When discussing Bring Your Own Technology (BYOT), the issue of equity is always a concern; however, schools have many issues with equity regarding learning opportunities. Teachers within a school may utilize different teaching methods and strategies, so students may utilize different resources for different purposes. Some teachers choose to use project-based learning to engage students with content at school. Other teachers work especially hard to create and nurture a caring learning community, and they understand what motivates and inspires their students to learn regardless of the obstacles in their lives. Schools often have varying availability and access to digital tools and resources. This access might be due to the resources students already have in their lives and that they bring from home, but sometimes it’s due to the ingenuity and vision of the school leadership to pursue every available avenue to ensure student success.
A Shift in Thinking – Sharing Ownership of the Learning
When schools encourage students to bring their own technology tools and devices, they have new ways for connecting with each other, their teachers, and content. Some schools provide students with technology resources within their classroom for collaboration or provide devices with a one-to-one implementation. Regardless of the methods used to ensure students have technology tools, digital resources, and access, students need to share in the ownership of their learning experience within their learning community. This shift often requires that teachers empower students in the learning process. Teachers have to be willing to try new things with technology tools and understand that students may be the best “just in time” experts to explain about a new concept, solve a technical issue, or ask engaging questions. Teachers don’t have to specify how a project should be undertaken and completed. Instead teachers can offer choices and provide guidance for each student to find ways to share his or her own unique voice in order to show what they know.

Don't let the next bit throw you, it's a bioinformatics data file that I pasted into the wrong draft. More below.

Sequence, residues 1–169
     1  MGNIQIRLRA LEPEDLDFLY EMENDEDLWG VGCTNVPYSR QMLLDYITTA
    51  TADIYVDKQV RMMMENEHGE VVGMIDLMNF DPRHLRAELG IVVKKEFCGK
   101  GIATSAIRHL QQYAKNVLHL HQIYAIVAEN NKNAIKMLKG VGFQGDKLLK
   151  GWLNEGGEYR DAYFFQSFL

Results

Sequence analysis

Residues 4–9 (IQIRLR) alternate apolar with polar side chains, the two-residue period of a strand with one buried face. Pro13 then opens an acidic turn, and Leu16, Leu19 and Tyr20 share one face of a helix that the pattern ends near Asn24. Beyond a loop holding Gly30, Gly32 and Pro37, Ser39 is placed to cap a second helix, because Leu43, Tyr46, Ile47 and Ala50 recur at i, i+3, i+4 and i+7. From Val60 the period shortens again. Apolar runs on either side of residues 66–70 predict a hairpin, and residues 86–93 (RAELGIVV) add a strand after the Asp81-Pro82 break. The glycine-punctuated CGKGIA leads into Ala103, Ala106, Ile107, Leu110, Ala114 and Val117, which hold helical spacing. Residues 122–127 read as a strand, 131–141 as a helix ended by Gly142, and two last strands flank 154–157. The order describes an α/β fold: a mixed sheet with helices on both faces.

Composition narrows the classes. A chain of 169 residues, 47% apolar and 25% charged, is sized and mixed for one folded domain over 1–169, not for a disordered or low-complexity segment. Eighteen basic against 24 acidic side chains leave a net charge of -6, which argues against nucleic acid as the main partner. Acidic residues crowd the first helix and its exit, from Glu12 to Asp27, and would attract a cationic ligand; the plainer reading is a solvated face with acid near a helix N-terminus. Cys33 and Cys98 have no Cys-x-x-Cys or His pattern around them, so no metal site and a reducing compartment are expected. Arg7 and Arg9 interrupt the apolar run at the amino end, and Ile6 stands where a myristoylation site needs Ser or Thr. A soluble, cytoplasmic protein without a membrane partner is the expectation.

A Scenario of Inequity
One of the most inequitable learning scenarios occurs when students go to school and discover that they have the teacher that doesn’t choose to use technology; or doesn’t choose to engage in project-based learning; or doesn’t choose to ask engaging questions. Meanwhile, their peers may end up in classrooms with teachers that employ digital learning and personalize the learning process. All students need to develop digital age skills to be successful in an ever-increasing digital world.
Ensuring Equity in Schools
One way of ensuring equity at schools is by guaranteeing that each teacher has access to a sustainable equitable digital curriculum as a foundation for personalized learning. Some teachers will be late adopters of technology, but if they have access to a repository of resources populated with lesson plans and learning activities designed by more capable trailblazers they may be more willing to try new strategies. Consistent modeling, support from school leaders, coaching, and quality professional learning can be the tools that these teachers need for success. By providing teachers with access to sustainable digital resources, in addition to helping them develop personal goals and achievable expectations, schools can become closer to providing an equitable learning experience for students.